Getty Museum Rejects Court Decision on Ancient Statue

Victorious Youth at the Getty (File Photo)

The life-size Greek bronze statue called “Victorious Youth” is at the center of what seems like a never-ending legal battle that has been underway for several decades.

The statue is currently being shown in a special pavilion at the J. Paul Getty Museum in Los Angeles and the institution claims that it is there legally. The nation of Italy thinks otherwise.

In June of this year, an Italian court ruled that the statue had been exported from Italy illegally, and it must be returned. The Getty Museum issued a statement in response to the ruling, saying that an  “accidental discovery by Italian citizens does not make the statute an Italian object.”

The museum and claims it has full legal rights to the Victorious Youth, for which it paid a sum of $3.5 million.

“The statue is not part of Italy’s extraordinary cultural heritage,” said Getty spokesman Ron Hartwig in the statement made earlier this year. “Accidental discovery by Italian citizens does not make the statue an Italian object.

“Found outside the territory of any modern state, and immersed in the sea for two millennia, the Bronze has only a fleeting and incidental connection with Italy.” the statement concluded.

The Getty filed an appeal to the lower Italian court’s June ruling, only to have it rejected earlier this week by Italy’s highest court, the Court of Cassation. The jury is still out on whether the museum will file an appeal to a European Union court.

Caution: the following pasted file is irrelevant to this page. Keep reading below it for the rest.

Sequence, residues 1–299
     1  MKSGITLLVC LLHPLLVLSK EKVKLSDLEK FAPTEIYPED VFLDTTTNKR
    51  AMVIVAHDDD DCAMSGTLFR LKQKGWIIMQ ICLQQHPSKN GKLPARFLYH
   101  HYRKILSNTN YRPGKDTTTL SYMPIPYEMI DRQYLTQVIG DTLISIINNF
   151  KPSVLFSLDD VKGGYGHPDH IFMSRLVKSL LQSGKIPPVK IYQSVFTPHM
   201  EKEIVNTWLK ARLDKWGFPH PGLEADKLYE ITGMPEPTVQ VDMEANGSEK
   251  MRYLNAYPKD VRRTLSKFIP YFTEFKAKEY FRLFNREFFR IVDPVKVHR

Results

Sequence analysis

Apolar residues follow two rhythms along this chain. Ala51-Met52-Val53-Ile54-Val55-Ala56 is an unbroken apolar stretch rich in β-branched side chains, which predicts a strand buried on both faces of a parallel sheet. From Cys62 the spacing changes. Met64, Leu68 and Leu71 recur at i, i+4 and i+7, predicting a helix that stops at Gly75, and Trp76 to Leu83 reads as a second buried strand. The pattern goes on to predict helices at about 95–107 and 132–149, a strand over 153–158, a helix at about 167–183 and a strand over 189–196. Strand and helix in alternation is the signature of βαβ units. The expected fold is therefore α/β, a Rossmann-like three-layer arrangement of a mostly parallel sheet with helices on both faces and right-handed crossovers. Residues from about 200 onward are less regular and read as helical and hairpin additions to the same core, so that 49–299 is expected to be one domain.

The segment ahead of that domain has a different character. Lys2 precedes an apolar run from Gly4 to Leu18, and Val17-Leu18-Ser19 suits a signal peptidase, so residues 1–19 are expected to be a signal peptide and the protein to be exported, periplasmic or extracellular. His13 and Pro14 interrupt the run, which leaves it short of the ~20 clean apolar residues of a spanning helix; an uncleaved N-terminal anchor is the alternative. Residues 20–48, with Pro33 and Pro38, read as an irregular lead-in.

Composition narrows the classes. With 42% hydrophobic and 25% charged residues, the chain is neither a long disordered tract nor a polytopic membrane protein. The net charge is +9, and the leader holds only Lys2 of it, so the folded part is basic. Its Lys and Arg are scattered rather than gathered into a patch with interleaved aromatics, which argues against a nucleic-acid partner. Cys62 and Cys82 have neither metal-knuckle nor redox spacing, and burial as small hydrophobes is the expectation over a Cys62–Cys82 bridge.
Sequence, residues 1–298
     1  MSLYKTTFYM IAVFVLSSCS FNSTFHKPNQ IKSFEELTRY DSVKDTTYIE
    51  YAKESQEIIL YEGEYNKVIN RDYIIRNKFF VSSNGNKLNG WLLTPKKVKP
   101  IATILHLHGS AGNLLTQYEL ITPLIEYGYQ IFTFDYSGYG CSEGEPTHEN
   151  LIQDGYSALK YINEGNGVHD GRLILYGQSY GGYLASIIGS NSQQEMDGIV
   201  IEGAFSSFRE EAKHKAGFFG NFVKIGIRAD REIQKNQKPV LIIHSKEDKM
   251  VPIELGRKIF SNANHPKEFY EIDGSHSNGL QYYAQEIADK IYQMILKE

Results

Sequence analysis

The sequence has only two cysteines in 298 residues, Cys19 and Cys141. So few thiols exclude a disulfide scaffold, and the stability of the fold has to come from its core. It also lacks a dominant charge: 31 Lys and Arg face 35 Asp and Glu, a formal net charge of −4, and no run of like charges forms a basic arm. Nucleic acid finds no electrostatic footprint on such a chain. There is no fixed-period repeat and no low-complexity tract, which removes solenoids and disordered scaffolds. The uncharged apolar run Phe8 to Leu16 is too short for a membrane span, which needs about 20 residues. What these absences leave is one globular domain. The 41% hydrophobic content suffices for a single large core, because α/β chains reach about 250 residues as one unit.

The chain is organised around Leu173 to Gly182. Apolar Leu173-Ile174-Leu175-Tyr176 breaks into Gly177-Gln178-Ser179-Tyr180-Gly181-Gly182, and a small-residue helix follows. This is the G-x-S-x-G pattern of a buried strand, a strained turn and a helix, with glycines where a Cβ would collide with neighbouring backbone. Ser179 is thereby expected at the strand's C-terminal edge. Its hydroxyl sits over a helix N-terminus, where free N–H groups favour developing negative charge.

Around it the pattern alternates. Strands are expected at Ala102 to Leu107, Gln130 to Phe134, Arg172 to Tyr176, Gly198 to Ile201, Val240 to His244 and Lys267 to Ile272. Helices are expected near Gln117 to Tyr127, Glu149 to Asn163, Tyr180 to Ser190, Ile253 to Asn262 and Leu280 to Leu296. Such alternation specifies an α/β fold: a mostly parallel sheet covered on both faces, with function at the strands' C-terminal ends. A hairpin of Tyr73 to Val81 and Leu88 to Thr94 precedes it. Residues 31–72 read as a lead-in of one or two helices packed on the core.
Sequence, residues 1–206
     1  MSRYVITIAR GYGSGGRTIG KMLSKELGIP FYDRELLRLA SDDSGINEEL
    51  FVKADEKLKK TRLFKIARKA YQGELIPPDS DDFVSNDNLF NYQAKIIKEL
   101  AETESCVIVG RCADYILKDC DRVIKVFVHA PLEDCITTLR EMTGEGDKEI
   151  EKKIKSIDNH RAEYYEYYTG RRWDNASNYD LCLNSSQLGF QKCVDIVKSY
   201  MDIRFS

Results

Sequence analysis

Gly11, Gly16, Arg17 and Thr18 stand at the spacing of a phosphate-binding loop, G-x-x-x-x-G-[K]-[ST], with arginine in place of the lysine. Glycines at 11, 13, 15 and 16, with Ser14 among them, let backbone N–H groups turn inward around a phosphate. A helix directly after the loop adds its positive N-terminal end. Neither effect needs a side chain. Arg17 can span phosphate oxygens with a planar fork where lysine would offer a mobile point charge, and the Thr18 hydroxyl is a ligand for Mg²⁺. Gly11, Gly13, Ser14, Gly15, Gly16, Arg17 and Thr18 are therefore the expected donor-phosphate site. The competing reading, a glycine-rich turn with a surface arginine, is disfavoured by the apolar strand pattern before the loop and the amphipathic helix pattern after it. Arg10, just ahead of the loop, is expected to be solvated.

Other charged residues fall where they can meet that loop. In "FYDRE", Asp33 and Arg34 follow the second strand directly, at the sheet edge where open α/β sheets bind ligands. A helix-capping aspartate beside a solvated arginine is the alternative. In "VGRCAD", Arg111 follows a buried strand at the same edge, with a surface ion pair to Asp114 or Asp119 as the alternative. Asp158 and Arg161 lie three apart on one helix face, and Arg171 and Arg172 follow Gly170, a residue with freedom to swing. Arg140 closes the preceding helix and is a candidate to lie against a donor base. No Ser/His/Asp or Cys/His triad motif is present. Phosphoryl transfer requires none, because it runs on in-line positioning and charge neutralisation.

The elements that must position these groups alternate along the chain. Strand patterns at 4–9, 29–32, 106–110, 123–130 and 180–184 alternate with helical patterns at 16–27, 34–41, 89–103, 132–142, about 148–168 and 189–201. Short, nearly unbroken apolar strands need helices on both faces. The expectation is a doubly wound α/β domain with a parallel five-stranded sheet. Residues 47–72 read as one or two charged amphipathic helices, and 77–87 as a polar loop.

The museum responded to the latest rejected appeal in a statement earlier this week, saying it plans to “continue to defend our legal right to the statue.”

An Italian fisherman first discovered it in 1964 in international waters off Italy. He sold the statue, and the J. Paul Getty Museum eventually bought it from a German dealer in 1977. The Italian Ministry of Culture has been attempting to have the “Victorious Youth” returned to Italy since 1989.

It is unclear as to how Italy plans to go about physically reclaiming the statue.

The statue is believed to have been created by Lysippus, the sculptor of the most well-known bust of Alexander the Great. It is dated between 300 — 100 B.C. It is one of the few life-sized Greek bronzes that have survived to modern times.